WASHINGTON (Reuters) - A U.S. Senate committee approved legislation on Thursday that would broaden sanctions on North Korea over its nuclear program, human rights record and cyber activities, the latest bid by U.S. lawmakers to crack down on Pyongyang after its fourth nuclear test.
The Senate Foreign Relations Committee passed the measure by unanimous voice vote and members said they expected it would be approved by the full Senate within weeks, and signed into law by President Barack Obama.
U.S. lawmakers have been clamoring for a clampdown on North Korea since Pyongyang earlier this month tested a nuclear device which it said was a hydrogen bomb. The U.N. Security Council is also discussing more action against the country, although it is not clear what would be supported by China, North Korea’s lone major ally and main business partner.
The Senate bill would sanction anyone who engages in, facilitates or contributes to North Korea’s proliferation of weapons of mass destruction, arms-related materials, luxury goods, human rights abuses, activities undermining cyber security and the provision of metals or coal for use in such activities.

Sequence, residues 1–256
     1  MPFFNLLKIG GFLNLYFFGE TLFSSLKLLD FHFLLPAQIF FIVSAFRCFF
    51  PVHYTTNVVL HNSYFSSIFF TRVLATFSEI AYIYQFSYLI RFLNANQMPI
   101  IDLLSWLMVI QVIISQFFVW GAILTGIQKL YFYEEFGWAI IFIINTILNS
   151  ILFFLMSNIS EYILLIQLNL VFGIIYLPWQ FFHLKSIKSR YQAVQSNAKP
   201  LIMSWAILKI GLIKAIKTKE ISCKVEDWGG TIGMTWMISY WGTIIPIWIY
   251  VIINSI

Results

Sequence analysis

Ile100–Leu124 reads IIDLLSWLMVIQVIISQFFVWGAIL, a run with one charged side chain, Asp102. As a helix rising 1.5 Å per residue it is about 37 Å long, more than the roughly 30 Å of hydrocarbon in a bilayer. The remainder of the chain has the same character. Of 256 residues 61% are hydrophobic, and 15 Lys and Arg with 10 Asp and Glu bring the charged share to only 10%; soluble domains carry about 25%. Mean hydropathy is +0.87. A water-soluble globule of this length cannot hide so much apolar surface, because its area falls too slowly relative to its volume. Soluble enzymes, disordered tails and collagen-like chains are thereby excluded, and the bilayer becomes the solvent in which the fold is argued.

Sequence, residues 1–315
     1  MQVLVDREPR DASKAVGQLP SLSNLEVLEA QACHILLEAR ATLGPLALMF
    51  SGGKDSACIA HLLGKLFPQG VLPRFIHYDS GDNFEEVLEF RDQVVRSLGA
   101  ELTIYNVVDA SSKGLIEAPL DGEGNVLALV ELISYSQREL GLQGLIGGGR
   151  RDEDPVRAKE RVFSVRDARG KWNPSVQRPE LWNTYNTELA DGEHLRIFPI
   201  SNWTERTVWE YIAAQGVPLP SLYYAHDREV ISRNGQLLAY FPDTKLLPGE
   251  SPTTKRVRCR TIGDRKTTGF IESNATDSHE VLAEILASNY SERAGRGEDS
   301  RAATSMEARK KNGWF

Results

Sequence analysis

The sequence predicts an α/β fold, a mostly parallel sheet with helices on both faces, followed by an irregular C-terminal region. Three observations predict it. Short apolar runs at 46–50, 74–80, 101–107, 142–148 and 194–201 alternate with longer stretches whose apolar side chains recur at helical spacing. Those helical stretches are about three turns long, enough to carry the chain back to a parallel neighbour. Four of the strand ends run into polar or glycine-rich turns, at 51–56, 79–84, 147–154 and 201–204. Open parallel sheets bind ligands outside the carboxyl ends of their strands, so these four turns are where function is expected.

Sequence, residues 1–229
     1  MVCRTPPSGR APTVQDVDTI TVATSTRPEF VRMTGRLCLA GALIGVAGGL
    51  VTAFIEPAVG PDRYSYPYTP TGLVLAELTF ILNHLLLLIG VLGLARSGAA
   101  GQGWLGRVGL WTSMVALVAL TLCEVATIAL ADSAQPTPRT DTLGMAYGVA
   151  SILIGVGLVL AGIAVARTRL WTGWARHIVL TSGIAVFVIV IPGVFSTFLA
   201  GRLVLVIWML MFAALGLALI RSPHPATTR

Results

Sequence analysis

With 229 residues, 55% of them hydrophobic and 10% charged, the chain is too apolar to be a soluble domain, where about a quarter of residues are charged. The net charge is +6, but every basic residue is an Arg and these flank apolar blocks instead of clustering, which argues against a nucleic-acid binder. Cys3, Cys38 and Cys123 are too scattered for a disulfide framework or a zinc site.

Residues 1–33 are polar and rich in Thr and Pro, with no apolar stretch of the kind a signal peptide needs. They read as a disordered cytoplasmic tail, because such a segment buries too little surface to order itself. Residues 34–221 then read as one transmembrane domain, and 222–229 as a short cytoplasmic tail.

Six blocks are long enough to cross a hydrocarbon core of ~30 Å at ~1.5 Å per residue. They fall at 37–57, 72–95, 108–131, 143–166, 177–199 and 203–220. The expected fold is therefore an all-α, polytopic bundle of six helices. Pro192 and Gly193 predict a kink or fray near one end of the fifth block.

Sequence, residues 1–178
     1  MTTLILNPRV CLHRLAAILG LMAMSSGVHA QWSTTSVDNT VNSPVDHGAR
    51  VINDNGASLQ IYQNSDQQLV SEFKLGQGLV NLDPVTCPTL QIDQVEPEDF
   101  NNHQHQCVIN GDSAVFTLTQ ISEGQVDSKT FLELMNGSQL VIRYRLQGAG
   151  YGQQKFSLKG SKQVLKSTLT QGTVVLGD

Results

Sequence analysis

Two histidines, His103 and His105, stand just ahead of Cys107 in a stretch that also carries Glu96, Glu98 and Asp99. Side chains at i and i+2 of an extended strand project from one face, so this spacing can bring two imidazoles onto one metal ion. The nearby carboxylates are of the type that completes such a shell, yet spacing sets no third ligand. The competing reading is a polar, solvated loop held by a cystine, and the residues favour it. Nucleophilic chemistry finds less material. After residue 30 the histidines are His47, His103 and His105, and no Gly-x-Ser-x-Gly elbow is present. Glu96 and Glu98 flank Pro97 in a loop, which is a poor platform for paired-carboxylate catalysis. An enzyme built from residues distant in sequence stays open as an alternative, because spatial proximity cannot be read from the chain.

Penalties include the seizure of assets, visa bans and denial of government contracts.
Committee members said they wanted to make Washington’s resolve clear not just to Pyongyang, but to other governments. They said they expected the House of Representatives would back the Senate legislation.
“We must also send a strong message to China,” said Republican Senator Cory Gardner, chairman of the panel’s Asia subcommittee and co-author of the legislation.
An Obama administration official said the administration does not oppose the legislation, saying it is deeply concerned about North Korea’s recent actions and sees the most recent test as a “serious setback.”
U.S. officials told Reuters on Thursday the United States had seen increased activity around a North Korean site suggesting preparations for a possible space launch in the near future, raising concerns that the country was seeking to develop an inter-continental ballistic missile.
North Korea conducted a nuclear test on Jan. 6 that it said was the explosion of a hydrogen bomb, although the United States and other governments and experts voiced scepticism that it had made such a technological advance.
The House passed its own, less extensive, bill to broaden sanctions on Jan. 12 by a near unanimous 418-2 vote.
The Senate is due to begin considering the bill approved by the foreign relations committee during the week of Feb. 8.
Additional reporting by Roberta Rampton; Editing by Mohammad Zargham, Bernard Orr and Alistair Bell